Jury takes 1.5 hours to convict girl's killer
Elizabeth Byrd found in canal
The Arizona Republic
Feb. 13, 2004 12:00 AM
A jury took less than an hour and a half Thursday to return three guilty verdicts against Steven Ray Newell for the 2001 sexual assault and murder of 8-year-old Elizabeth Byrd.
They will reconvene Wednesday to begin deliberating the death penalty for Newell.
Newell, 23, was found guilty of kidnapping, sexual conduct with a minor and first-degree murder.
"I'm sure the whole neighborhood is going to be ecstatic," said her neighbor, Kathay Smallwood. Elizabeth was a frequent visitor to Smallwood's home.
"I feel like going through and honking my horn, saying, 'Hip, hip, hooray, they finally did something to him so he can't do this to another kid,' " Smallwood said.
Elizabeth disappeared May 3, 2001, while on her way to school. Her body was found the next day, wrapped in a piece of indoor-outdoor carpet and discarded in an irrigation ditch that runs through a gravel pit in the dilapidated south Phoenix neighborhood near 35th and Southern avenues.
Newell was a transient who had recently dated Elizabeth's older half-sister, Lori.
He'd already served time for an incident in 2000 in which he held a knife to a woman's throat, forced her to drive and asked to fondle her breasts.
On May 3, 2001, as Deputy County Attorney Cleve Lynch said, Newell caught up to Elizabeth Byrd as she walked from her mother's trailer to the school several blocks away and convinced her that she could take a shortcut through the gravel pit.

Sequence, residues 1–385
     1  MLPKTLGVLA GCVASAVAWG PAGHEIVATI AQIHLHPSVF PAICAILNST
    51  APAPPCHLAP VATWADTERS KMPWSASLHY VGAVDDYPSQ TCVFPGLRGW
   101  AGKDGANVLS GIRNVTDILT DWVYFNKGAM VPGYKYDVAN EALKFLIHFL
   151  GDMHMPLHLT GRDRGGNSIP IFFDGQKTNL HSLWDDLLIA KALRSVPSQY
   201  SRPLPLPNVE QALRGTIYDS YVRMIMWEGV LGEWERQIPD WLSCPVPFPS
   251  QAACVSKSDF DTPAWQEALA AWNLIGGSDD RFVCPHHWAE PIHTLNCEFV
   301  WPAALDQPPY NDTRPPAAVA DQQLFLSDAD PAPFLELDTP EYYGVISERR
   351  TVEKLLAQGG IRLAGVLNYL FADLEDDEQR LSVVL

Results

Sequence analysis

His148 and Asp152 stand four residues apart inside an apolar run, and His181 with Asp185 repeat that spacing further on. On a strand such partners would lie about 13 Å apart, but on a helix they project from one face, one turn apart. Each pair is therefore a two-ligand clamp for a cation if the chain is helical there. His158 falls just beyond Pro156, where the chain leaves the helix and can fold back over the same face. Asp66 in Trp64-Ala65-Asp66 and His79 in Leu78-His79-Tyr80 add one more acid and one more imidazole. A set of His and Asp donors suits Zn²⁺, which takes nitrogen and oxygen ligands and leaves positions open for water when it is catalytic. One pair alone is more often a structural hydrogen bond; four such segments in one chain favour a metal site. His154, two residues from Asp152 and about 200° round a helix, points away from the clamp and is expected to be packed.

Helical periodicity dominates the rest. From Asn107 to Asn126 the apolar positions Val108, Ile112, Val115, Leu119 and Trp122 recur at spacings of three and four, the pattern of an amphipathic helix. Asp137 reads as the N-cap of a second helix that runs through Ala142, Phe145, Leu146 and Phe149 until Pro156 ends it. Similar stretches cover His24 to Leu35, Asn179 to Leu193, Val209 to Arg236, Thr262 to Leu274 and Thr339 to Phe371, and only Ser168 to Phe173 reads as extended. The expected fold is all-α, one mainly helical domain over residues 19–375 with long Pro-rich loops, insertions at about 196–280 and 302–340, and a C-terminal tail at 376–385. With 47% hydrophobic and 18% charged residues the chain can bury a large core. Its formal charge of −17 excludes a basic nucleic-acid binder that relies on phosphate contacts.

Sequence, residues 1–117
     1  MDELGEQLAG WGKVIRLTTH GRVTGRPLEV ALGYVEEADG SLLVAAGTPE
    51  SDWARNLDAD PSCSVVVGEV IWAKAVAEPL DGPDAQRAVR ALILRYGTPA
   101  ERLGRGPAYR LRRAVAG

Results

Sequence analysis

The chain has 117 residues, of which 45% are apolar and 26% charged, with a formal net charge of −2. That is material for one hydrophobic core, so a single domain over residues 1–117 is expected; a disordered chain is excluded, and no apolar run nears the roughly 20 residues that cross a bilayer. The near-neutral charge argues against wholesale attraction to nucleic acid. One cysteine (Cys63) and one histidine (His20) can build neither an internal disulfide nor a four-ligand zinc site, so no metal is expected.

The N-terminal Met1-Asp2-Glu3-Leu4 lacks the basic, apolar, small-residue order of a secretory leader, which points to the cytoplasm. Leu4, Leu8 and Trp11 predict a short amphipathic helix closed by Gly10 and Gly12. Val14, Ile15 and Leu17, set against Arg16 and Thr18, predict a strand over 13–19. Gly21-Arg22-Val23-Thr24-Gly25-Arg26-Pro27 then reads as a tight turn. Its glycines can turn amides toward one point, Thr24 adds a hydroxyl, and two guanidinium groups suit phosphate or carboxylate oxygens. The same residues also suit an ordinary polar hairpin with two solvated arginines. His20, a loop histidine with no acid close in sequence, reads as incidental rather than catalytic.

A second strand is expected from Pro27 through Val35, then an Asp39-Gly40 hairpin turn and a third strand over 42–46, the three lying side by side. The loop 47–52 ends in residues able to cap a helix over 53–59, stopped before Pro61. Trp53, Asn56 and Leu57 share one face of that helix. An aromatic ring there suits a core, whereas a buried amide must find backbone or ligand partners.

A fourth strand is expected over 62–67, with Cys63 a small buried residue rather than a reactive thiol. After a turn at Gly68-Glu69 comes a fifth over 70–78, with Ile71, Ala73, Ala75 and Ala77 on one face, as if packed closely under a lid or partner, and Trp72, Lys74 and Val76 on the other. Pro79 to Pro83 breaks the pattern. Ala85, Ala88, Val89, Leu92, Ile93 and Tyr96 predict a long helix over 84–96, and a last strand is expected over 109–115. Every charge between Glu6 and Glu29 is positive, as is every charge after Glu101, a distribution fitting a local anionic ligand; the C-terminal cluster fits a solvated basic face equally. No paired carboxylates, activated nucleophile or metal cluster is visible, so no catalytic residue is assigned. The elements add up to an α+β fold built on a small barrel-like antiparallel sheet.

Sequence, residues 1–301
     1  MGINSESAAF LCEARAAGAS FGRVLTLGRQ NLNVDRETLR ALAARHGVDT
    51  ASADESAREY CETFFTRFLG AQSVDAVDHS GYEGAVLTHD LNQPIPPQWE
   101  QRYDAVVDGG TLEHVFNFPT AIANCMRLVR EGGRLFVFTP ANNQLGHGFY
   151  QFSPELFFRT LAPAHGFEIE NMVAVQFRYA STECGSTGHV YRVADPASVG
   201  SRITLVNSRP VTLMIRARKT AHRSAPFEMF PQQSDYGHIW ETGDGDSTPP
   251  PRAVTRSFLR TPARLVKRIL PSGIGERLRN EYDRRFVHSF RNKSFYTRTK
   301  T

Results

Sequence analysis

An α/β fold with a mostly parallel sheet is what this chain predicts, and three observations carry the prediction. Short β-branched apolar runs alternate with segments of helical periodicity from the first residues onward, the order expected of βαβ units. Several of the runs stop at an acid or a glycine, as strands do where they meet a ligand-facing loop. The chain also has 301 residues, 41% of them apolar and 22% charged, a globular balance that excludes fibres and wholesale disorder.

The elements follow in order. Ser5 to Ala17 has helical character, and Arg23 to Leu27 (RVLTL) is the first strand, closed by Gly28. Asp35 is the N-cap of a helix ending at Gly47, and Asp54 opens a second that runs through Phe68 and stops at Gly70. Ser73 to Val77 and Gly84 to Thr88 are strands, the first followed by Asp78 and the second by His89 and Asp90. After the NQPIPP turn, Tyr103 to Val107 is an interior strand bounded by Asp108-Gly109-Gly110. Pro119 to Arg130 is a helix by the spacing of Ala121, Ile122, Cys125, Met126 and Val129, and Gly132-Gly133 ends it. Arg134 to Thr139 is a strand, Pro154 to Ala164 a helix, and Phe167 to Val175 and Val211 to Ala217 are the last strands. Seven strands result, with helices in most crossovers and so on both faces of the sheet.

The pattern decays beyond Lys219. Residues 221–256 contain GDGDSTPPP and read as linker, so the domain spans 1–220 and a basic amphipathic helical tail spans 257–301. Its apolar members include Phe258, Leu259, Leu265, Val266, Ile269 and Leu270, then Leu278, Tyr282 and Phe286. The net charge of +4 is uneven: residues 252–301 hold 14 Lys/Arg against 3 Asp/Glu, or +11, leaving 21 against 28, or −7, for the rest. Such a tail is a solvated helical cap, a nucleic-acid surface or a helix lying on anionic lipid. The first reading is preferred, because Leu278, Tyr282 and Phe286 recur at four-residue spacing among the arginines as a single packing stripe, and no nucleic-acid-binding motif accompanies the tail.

There, he attempted to rape her, then strangled her with a strap from her backpack and tossed her in the ditch.
Newell attended Elizabeth's funeral in the days before Maricopa County Sheriff's Office detectives linked him to the murder.
Then they learned that witnesses had seen him with Elizabeth on the street, and that a workman saw him with the carpet near where her body was found. DNA evidence on Elizabeth's clothing and a footprint that matched Newell's sneakers cemented the case.
Newell confessed to sexually assaulting Elizabeth and to throwing her in the ditch, though he denied killing her.
The jury must now consider the aggravating and mitigating factors in the crime, while deciding whether to sentence Newell to death.
Under Arizona law, the jurors must reach unanimous verdicts on those factors to decide if the defendant receives a death sentence or is granted leniency.
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